reprinted from Issue 18, Spring 2014 of Frontiers of Medicine (PDF)
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We are on the cusp of huge changes in health care in the United States: implementation of the Affordable Care Act is underway, the fragmented, crisis-based approach to medical care is financially unsustainable, and our country’s population is rapidly aging.
Our current health care delivery system is woefully underprepared to address the complex needs of our elders. Yet the UCSF Department of Medicine is developing many creative models to successfully care for this growing population. As the cover story describes, our exceptional faculty in the Division of Geriatrics are developing programs, discovering knowledge and educating the next generation to provide seamless care for frail older adults. We also profile one of our outstanding alumni, Erwin Tan, MD, who is applying his geriatrics expertise to promote volunteerism among seniors on a national level.
UCSF is also at the forefront of palliative care – promoting the highest quality of life for all patients facing serious illness. As articles in this newsletter illustrate, we are bringing these invaluable services to a wider group of patients, and are teaching the communication skills that enable trainees to compassionately and effectively discuss a patient’s symptoms, fears and hopes.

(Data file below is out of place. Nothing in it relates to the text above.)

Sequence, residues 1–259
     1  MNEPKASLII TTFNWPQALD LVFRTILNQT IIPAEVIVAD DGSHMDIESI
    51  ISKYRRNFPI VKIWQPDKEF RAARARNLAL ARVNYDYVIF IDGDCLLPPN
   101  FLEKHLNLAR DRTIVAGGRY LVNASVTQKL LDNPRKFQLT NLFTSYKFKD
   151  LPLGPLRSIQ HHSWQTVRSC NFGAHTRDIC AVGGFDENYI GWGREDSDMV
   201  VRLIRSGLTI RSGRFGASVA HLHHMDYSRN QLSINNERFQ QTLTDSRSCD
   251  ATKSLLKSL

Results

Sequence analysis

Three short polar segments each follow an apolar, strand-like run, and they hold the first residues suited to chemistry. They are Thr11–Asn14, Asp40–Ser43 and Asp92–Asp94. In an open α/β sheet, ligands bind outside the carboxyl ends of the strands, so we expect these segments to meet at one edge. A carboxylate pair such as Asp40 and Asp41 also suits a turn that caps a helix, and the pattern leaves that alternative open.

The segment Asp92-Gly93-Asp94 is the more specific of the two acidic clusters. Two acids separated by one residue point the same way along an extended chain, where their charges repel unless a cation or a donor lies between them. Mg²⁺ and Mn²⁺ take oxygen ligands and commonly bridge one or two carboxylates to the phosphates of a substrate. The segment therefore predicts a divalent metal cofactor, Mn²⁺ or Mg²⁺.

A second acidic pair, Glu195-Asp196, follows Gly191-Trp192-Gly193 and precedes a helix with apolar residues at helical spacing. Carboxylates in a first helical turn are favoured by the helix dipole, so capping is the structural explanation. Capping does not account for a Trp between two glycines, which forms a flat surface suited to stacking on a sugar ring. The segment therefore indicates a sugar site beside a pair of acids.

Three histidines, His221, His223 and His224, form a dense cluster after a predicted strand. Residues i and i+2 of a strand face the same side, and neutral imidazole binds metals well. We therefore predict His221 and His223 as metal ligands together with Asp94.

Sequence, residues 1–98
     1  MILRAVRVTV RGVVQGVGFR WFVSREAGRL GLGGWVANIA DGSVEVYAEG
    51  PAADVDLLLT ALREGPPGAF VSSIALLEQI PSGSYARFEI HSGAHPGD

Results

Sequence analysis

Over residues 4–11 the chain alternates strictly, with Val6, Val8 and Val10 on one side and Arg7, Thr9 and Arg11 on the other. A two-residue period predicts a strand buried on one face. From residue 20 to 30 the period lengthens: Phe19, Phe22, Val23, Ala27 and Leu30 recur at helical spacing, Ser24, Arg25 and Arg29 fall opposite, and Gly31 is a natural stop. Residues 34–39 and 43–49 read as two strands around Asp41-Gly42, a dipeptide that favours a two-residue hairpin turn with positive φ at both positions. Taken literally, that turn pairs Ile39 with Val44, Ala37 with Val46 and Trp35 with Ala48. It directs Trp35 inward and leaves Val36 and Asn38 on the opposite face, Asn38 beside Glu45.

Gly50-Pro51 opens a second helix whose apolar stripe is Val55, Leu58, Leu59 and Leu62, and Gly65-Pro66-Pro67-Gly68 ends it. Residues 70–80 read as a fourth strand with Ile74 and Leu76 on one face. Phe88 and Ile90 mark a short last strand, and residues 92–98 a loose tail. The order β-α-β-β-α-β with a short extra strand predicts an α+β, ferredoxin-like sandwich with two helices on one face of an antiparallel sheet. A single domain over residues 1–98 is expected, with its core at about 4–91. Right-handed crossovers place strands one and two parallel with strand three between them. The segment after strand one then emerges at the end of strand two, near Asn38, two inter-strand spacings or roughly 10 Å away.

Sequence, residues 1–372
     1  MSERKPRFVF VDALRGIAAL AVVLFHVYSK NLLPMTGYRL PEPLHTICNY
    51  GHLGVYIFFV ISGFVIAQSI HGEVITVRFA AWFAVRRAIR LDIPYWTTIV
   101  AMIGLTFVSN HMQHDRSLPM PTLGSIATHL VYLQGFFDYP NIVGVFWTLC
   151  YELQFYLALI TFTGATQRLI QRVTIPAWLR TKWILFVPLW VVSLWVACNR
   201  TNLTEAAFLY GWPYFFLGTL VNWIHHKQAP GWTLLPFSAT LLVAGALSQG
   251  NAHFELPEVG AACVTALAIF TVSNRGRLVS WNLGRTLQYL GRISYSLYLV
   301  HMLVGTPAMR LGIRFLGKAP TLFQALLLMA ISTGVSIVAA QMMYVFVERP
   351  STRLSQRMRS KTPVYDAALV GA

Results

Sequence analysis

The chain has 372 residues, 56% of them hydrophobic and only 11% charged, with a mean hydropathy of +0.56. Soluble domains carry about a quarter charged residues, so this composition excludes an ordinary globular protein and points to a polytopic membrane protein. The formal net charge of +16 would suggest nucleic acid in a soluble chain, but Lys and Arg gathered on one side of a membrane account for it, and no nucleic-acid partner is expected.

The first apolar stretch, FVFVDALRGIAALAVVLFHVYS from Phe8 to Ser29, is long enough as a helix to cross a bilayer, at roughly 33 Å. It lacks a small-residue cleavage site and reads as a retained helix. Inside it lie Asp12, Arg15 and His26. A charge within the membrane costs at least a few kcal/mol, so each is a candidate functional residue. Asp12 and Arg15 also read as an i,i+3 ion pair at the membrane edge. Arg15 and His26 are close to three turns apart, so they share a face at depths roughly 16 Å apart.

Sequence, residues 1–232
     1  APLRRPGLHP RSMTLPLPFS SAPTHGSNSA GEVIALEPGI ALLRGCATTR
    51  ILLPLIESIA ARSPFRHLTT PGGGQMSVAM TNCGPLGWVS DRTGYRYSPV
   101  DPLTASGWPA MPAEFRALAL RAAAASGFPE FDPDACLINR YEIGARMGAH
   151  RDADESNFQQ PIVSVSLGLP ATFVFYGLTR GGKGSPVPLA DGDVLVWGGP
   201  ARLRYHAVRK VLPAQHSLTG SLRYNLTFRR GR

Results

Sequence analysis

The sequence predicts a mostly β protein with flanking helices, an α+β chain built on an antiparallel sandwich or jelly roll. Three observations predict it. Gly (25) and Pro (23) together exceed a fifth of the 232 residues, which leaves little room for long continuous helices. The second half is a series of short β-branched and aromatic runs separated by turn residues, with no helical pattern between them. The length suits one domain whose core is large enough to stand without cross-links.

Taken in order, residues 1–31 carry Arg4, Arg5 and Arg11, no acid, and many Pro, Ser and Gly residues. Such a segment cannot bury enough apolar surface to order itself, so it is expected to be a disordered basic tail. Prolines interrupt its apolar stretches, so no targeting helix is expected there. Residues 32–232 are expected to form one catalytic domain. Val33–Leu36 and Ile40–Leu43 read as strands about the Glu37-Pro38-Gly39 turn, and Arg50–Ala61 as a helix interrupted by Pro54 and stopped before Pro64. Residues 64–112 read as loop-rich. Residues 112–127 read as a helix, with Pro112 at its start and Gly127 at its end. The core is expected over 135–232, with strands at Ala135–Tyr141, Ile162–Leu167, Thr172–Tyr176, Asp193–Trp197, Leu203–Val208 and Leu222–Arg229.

Both palliative care and geriatrics employ a team approach and focus on the whole patient – a powerful contrast to much of today’s medical care, which too often treats each organ and disease in isolation. By talking with patients about what is most important to them and providing the right help at the right time, these teams can align care with each patient’s goals and values. This tailored approach optimizes patient health, can prevent unnecessary hospitalizations, and delivers better care at lower cost – a vital combination that addresses some of the key challenges we face today.
This newsletter also highlights innovations in quality and safety, as well as nephrologist Stephen Tomlanovich, MD, who has greatly improved outcomes and access to kidney transplantation at UCSF over the past three decades.
As several stories in this issue demonstrate, philanthropy is essential to all our endeavors. It provides the seed money that allows us to test out, evaluate and refine new ideas. It also allows us to move the national conversation forward by disseminating successful approaches and bringing them to scale. Private gifts catalyze sustainable change by providing startup funds that go on to leverage funds from the National Institutes of Health and many other sources. We are tremendously grateful for your support, and look forward to continuing our partnership with you.
Talmadge E. King, Jr., MD
Chair, Department of Medicine
Julius R. Krevans Distinguished Professorship in Internal Medicine